Advances in Climate Modeling with Large-Eddy Simulations
Climate models today capture global warming trends, but have uncertainties about smaller processes like clouds, leading to inaccurate predictions of future climate changes. Clouds play a big role in climate predictions since they reflect sunlight, regulate Earth’s energy balance, and affect the climate’s response to changes in greenhouse gases.
Clouds can’t be directly resolved in global climate models, so high-resolution large eddy simulations (LES) can be used to simulate their turbulent dynamics. However, the high computational cost of these simulations has slowed down progress. The new study “Accelerating Large-Eddy Simulations of Clouds with Tensor Processing Units” shows that Tensor Processing Units (TPUs) — originally designed for machine learning (ML) — can effectively perform LES of clouds.
This TPU-based LES code improves climate model accuracy and enables researchers to get more accurate cloud representations. The simulations exhibit unprecedented computational throughput and scaling, making it possible to simulate clouds with a 10× speedup over real-time evolution. The LES code is written in TensorFlow, an open-source software platform developed by Google for ML applications.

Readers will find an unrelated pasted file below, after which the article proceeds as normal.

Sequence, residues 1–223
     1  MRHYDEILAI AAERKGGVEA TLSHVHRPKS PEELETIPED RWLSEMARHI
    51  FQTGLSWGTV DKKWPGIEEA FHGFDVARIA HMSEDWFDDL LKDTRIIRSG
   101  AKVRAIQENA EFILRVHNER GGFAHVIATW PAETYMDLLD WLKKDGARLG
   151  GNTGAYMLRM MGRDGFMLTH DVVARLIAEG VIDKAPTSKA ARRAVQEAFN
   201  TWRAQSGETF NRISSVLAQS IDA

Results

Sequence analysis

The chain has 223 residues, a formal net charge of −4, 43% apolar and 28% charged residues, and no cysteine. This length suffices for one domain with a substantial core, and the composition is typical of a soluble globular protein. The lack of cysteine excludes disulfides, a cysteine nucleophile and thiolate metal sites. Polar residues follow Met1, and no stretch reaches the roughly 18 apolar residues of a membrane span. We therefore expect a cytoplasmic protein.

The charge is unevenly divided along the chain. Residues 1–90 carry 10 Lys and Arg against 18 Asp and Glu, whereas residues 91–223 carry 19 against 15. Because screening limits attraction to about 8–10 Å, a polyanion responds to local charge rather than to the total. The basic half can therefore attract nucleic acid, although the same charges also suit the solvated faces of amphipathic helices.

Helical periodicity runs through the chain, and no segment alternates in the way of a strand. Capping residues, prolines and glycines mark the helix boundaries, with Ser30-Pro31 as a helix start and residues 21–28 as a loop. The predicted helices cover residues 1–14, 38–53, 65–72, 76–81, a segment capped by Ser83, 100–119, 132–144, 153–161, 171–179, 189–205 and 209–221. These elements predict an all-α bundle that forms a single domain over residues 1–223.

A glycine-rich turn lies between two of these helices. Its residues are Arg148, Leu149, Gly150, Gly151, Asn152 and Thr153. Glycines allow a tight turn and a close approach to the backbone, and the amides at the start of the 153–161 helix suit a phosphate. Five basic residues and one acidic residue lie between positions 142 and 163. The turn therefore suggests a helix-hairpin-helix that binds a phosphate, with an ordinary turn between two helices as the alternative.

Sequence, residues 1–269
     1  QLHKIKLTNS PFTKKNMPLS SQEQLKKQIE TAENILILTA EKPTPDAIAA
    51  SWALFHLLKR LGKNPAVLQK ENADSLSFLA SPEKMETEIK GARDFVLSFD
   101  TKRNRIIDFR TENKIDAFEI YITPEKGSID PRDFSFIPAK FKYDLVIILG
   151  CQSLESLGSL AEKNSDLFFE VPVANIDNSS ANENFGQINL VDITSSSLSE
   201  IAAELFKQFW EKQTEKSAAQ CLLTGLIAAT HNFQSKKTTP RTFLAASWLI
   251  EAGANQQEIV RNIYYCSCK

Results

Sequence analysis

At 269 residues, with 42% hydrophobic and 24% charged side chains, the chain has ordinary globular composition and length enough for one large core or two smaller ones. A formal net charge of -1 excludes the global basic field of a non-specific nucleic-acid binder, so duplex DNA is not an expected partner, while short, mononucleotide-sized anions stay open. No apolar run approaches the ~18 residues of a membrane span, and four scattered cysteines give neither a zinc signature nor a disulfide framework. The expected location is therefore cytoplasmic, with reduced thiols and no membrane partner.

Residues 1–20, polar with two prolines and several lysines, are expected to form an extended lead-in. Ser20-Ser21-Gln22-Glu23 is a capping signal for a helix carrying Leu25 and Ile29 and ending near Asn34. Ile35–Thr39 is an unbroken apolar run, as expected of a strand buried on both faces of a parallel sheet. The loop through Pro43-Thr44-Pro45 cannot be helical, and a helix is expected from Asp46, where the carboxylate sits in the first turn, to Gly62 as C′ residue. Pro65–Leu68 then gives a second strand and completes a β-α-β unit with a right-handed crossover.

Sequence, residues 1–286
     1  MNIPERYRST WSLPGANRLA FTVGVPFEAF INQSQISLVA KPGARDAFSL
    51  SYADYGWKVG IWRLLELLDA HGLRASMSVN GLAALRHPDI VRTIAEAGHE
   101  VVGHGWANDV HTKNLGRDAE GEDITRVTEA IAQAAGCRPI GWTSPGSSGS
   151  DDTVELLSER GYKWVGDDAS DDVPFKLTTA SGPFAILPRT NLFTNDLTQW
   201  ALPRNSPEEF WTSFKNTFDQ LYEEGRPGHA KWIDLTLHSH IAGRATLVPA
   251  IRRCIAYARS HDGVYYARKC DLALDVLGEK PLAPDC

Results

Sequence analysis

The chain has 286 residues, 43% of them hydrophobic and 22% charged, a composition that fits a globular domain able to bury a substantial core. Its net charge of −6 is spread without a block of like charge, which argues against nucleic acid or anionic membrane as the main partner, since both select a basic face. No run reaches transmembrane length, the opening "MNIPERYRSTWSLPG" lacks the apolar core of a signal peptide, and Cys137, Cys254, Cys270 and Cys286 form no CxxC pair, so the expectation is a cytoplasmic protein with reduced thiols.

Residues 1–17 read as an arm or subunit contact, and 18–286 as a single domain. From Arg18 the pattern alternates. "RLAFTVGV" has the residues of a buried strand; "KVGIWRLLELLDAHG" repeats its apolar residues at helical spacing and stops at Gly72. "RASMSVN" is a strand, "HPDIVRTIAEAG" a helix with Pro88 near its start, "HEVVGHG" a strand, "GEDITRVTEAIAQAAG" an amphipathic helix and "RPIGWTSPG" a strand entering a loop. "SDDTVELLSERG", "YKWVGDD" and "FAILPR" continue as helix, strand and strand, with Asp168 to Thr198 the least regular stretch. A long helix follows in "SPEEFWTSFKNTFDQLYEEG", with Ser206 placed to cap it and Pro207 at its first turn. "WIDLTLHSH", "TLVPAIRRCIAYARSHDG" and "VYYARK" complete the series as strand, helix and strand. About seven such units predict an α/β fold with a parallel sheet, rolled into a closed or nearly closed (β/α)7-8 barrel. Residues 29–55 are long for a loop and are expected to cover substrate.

The next goal is to generate data across a variety of cloud types, such as thunderstorm clouds, to further improve climate modeling. By repurposing ML hardware for climate modeling, these simulations provide detailed training data for crucial processes like in-cloud turbulence, which are essential for climate modeling and prediction.
This research marks a significant advancement in climate modeling by enhancing predictions of climate changes, and it shows how advances in ML hardware can be repurposed effectively for other areas of research.